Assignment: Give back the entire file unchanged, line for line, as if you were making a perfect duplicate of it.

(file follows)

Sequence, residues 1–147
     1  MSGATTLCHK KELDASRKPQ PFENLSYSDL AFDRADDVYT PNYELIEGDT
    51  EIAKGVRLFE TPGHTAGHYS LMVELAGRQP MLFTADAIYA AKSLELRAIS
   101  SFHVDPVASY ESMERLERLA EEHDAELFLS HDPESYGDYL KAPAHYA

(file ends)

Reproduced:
Sequence, residues 1–147
     1  MSGATTLCHK KELDASRKPQ PFENLSYSDL AFDRADDVYT PNYELIEGDT
    51  EIAKGVRLFE TPGHTAGHYS LMVELAGRQP MLFTADAIYA AKSLELRAIS
   101  SFHVDPVASY ESMERLERLA EEHDAELFLS HDPESYGDYL KAPAHYA